Health in Chinese 👩‍⚕️ Beginner’s Guide to Symptoms in Chinese

How to Describe One’s Symptoms in Chinese?

Health in Chinese

This is probably one thing foreigners dread the most whilst in China, or in any country for that matter: having health issues and having to describe their symptoms in Chinese.

Not only are we already sick and not in our right mind, but we have to use some medical vocabulary to describe what’s wrong with our health in Chinese!

It’s the same issue if we are accompanying a friend to see the doctor and they cannot speak, you are in charge of describing what’s wrong.

No time or energy to check Pleco for your symptoms in Chinese?

Fear no more, we made a list of the most common diseases and symptoms for you to learn and avoid some very stressing situations.

You’ll also learn some words about injuries and the first aid kit 👇

Health in Chinese – General Medical Terms

Health in Chinese – Illnesses & Symptoms

Health in Chinese – Common Injuries

Health in Chinese – First Aid Kit

Health in Chinese – Inside the hospital

Health in Chinese – Hospital Departments

Health in Chinese – FAQ’s

How to Talk about Allergies in Chinese 🌻 Your Complete Guide Thumbnail

How to Talk about Allergies in Chinese 🌻 Your Complete Guide

Guide to Allergies in Chinese Spring is a wonderful season. The long, dark, winter months are behind us. We are ready to enjoy the rebirth of nature. The days are starting to get longer and it starts to feel warmer….

Health in Chinese – General Medical Terms

Let’s dive right in!

If you are unwell or experiencing symptoms 症状 zhèngzhuàng of a potential illness, you become a 病人 bìng rén, a sick person.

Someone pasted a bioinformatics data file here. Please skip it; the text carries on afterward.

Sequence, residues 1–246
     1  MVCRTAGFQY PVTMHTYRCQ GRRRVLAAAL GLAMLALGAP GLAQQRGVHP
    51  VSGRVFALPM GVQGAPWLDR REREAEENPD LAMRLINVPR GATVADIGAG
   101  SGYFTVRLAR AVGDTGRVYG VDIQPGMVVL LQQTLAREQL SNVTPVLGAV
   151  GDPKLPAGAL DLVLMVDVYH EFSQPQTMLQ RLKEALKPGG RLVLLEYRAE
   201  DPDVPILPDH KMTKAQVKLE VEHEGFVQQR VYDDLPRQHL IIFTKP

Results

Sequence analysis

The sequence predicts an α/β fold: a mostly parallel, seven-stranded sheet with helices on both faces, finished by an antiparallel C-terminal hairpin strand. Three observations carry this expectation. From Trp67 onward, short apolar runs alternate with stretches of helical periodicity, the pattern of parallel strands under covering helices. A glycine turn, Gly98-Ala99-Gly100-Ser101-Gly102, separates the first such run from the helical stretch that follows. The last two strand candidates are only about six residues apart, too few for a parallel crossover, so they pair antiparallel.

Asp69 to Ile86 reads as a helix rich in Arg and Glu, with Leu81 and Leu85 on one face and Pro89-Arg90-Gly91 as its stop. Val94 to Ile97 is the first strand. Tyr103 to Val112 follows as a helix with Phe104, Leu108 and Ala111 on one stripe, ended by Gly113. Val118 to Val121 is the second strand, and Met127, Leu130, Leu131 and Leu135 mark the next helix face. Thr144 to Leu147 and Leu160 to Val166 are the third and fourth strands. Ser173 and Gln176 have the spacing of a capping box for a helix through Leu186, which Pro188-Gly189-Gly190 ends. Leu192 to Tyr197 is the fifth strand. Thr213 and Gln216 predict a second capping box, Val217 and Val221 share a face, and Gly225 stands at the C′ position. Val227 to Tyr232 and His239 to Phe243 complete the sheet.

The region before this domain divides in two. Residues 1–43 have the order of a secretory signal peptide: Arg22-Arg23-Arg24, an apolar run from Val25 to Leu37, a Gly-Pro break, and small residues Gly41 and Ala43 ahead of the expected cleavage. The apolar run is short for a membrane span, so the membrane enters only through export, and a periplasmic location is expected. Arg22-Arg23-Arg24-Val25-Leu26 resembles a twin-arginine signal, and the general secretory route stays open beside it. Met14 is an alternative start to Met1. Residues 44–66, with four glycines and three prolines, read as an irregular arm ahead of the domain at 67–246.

If your condition requires you to go to the hospital 医院 yī yuàn or clinic 诊所 zhěn suǒ, you become a 患者 huàn zhě (patient).

Doctors 医生 yī shēng and nurses 护士 hù shi will take care of you so you can get back to your usual self in no time, and you’ll probably go out of your appointment with a medical prescription 处方 chǔ fāng for some medicine 药 yào.

  • Sick person – 病人 bìng rén
  • Patient, sufferer – 患者 huàn zhě
  • Hospital – 医院 yī yuàn
  • Clinic – 诊所 zhěn suǒ
  • Doctor – 医生 yī shēng
  • Nurse – 护士 hù shi
  • Medical prescription – 处方 chǔ fāng
  • Medicine – 药 yào

Have you ever been to the dentist in China? Katie and Campbell from LTL Beijing did! See for yourself how it went:

Health in Chinese – Illnesses & Symptoms

First of all health in Chinese, or being healthy is 健康 jiànkāng.

You become a 病人 when you develop a 疾病 jíbìng, a disease or sickness, and start to get various symptoms 症状 zhèngzhuàng.

You probably heard a lot about viruses 病毒 bìngdú, and how contagious 传染 chuánrǎn they are.

To avoid people catching them, doctors can inoculate 接种 jiēzhòng a vaccine 疫苗 yìmiáo.

  • Disease, sickness – 疾病 jí bìng
  • Symptoms – 症状 zhèngzhuàng
  • Virus – 病毒 bìng dú
  • Contagious, infect – 传染 chuán rǎn
  • Inoculate, vaccinate – 接种 jiē zhòng
  • Vaccine – 疫苗 yìmiáo
  • Allergy 过敏 guò mǐn
  • Asthma – 哮喘 xiào chuǎn
  • Common cold – 感冒 gǎn mào
  • Diarrhoea – 腹泻 fù xiè
  • Flu – 流感 liú gǎn
  • Varicella – 水痘 shuǐ dòu

Mental health in Chinese is 精神健康 jīngshén jiànkāng

Unless we know our body very well or have experienced it before, it is always best to consult a doctor to get the appropriate treatment.